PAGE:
With the first week after our “return” from extended Spring Break behind us, I would like to provide you an update from campus.
Yesterday, I met with Appalachian’s Board of Trustees via teleconference and shared with them how the Appalachian Community is responding to COVID-19. You can read my full remarks here. I shared with them that we are simultaneously planning for every conceivable scenario, responding to each new circumstance, and learning to anticipate every eventuality as the ground continues to shift beneath our feet.
We saw our first confirmed case of COVID-19 in an off-campus, App State student, which we shared with campus earlier today. I am pleased to share that the student who was diagnosed with the virus is now symptom-free. We shared with campus that the student has not been on campus since March 4, and has been self-quarantined since returning to the United States from overseas travel. Students who are concerned about symptoms should call Student Health Services at 828-262-3100 and ask to speak with a nurse. They are continuing medical and screening services to students in person and remotely. Faculty or staff who have concerns about students or their own health diagnoses should reach out to [email protected]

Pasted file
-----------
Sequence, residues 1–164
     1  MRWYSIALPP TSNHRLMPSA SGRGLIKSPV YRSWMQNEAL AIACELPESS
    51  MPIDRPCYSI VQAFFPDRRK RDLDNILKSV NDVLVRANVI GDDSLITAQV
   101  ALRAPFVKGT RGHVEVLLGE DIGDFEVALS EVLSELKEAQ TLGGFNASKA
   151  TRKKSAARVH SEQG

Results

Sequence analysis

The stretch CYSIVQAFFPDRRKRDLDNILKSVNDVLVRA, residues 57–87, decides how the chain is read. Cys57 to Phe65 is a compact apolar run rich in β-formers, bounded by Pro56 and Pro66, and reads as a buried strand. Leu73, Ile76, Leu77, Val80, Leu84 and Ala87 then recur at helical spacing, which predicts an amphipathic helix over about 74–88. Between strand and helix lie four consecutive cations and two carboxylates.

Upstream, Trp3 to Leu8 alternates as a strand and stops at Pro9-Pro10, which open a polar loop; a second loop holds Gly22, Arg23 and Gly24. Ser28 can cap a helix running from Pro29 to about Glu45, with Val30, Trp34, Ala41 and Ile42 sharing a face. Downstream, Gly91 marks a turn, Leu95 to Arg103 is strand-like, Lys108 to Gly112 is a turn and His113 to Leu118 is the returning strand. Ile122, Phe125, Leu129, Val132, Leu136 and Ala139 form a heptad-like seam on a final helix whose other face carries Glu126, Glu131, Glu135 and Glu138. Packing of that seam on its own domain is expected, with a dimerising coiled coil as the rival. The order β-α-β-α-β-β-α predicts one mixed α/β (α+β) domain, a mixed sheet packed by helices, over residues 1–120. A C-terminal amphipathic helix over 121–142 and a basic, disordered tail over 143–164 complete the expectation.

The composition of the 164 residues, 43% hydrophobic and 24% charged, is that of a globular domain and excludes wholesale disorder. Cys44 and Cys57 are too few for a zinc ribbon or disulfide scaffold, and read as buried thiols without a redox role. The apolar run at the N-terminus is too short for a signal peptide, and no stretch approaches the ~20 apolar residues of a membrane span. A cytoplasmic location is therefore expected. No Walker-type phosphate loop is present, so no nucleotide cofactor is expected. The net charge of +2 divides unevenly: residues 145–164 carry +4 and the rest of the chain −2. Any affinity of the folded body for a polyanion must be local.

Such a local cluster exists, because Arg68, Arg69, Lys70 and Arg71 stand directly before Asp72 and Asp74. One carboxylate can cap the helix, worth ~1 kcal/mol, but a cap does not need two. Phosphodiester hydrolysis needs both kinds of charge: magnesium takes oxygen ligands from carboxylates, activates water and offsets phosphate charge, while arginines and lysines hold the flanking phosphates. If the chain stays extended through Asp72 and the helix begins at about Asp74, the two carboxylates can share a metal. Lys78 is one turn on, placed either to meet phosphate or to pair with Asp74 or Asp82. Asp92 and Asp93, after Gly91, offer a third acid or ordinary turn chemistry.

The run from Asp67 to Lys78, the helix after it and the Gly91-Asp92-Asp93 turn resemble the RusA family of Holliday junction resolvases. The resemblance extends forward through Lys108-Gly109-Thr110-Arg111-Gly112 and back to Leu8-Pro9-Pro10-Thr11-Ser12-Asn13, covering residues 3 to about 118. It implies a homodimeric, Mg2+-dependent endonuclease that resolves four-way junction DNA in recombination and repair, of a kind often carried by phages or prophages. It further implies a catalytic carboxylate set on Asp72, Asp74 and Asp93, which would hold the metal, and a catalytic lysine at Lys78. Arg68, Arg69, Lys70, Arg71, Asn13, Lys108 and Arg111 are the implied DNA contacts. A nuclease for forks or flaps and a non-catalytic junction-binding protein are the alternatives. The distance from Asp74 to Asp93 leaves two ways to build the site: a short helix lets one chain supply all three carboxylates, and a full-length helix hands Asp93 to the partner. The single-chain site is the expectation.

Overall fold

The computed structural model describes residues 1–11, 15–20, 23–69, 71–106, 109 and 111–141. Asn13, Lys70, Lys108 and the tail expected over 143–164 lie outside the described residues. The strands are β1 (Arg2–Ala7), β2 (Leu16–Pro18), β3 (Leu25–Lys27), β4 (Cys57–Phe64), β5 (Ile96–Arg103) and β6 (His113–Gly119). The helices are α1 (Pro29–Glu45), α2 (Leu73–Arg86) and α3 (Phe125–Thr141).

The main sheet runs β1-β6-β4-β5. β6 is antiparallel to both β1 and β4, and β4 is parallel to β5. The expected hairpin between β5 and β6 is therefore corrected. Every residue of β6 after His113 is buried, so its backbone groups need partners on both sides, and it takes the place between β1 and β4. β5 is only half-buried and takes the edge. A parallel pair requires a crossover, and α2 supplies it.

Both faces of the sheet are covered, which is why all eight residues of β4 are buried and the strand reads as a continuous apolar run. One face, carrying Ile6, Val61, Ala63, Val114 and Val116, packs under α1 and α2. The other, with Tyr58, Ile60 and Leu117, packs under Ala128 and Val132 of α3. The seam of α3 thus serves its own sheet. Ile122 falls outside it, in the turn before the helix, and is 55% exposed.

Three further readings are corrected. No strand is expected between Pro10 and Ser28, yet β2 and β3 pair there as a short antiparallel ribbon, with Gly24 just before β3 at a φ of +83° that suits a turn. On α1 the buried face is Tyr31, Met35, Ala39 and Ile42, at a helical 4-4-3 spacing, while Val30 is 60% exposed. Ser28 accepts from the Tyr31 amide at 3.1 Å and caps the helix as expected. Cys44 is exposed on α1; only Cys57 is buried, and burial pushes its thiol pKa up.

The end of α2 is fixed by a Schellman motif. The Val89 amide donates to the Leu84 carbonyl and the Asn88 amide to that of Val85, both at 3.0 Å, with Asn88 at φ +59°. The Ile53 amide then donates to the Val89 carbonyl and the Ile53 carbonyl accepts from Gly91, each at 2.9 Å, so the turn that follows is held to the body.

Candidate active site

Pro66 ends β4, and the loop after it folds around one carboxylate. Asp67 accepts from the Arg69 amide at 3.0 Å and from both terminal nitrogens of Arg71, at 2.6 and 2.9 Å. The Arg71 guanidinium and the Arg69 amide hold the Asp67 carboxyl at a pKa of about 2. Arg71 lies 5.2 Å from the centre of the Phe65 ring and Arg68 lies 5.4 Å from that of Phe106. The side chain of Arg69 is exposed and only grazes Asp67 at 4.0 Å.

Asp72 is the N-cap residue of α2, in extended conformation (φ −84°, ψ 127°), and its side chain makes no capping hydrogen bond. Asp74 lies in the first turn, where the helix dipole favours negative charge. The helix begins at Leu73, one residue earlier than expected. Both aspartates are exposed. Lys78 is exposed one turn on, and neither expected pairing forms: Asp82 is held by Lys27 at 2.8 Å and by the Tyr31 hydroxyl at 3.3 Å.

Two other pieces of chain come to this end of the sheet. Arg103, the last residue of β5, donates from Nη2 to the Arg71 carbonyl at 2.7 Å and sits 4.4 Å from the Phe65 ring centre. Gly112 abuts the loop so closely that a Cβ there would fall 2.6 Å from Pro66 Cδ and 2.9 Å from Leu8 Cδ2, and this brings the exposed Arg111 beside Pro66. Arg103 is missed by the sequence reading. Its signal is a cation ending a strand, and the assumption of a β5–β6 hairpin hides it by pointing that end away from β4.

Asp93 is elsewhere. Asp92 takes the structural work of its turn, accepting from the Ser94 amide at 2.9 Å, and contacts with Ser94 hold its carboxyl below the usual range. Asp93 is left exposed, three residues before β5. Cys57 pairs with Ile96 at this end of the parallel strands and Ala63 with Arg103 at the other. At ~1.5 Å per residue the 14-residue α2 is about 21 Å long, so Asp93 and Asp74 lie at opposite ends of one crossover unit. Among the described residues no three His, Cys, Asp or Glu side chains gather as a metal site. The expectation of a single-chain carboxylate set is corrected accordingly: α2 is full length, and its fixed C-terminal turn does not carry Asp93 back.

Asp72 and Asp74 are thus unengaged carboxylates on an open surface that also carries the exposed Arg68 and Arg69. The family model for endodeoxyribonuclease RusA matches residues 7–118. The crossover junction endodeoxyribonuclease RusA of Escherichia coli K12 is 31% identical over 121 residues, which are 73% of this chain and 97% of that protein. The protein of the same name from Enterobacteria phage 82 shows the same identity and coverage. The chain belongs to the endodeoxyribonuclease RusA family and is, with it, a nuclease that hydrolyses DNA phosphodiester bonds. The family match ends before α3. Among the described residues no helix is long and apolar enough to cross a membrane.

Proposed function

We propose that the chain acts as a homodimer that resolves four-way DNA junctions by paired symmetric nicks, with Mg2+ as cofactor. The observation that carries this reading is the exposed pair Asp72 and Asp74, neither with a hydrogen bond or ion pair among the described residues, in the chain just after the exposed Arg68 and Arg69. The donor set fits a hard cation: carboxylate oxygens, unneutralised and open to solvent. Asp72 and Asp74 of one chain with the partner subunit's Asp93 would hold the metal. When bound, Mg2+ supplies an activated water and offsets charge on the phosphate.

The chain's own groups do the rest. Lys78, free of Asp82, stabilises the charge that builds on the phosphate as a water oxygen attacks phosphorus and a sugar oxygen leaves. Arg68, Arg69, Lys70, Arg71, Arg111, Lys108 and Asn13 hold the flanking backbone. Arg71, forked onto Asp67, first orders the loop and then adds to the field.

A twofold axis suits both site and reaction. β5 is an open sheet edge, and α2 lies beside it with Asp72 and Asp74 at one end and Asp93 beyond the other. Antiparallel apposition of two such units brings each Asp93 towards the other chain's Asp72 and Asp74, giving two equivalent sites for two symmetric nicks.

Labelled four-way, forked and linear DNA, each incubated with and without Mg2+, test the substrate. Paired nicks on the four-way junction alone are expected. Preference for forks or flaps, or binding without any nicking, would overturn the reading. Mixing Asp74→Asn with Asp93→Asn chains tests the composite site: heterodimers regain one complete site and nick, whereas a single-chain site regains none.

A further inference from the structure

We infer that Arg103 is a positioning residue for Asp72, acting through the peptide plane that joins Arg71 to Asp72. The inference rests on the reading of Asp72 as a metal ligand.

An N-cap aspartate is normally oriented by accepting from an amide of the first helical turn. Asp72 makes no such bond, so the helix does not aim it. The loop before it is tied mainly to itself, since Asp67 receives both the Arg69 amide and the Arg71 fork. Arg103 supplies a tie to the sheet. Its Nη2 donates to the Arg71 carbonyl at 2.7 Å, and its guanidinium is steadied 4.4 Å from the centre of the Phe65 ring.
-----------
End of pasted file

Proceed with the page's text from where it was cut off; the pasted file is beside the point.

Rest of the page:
Yesterday, we alerted campus to Gov. Roy Cooper’s executive order of March 27, 2020. Because those who are not necessarily at risk of serious disease can carry the disease to their loved ones, we are directing members of the campus community to carefully adhere to social distancing practices as outlined in Gov. Cooper’s order, not gather in groups and physically stay at least six feet apart from others. Read more information here. With current telework and online and alternative course delivery in place, we expect minimal impact to the university, and will provide additional details, including information about administrative leave and compensation for staff on Monday.
In recent days, we have:
- Transitioned 2,600 course sections from face-to-face instruction to online learning in two weeks’ time.
- Reached nearly 600 faculty last week alone with workshops, support and training sessions.
- Managed the reduction of our on-campus residents from more than 5,600 to fewer than 130 — 2% of our usual number.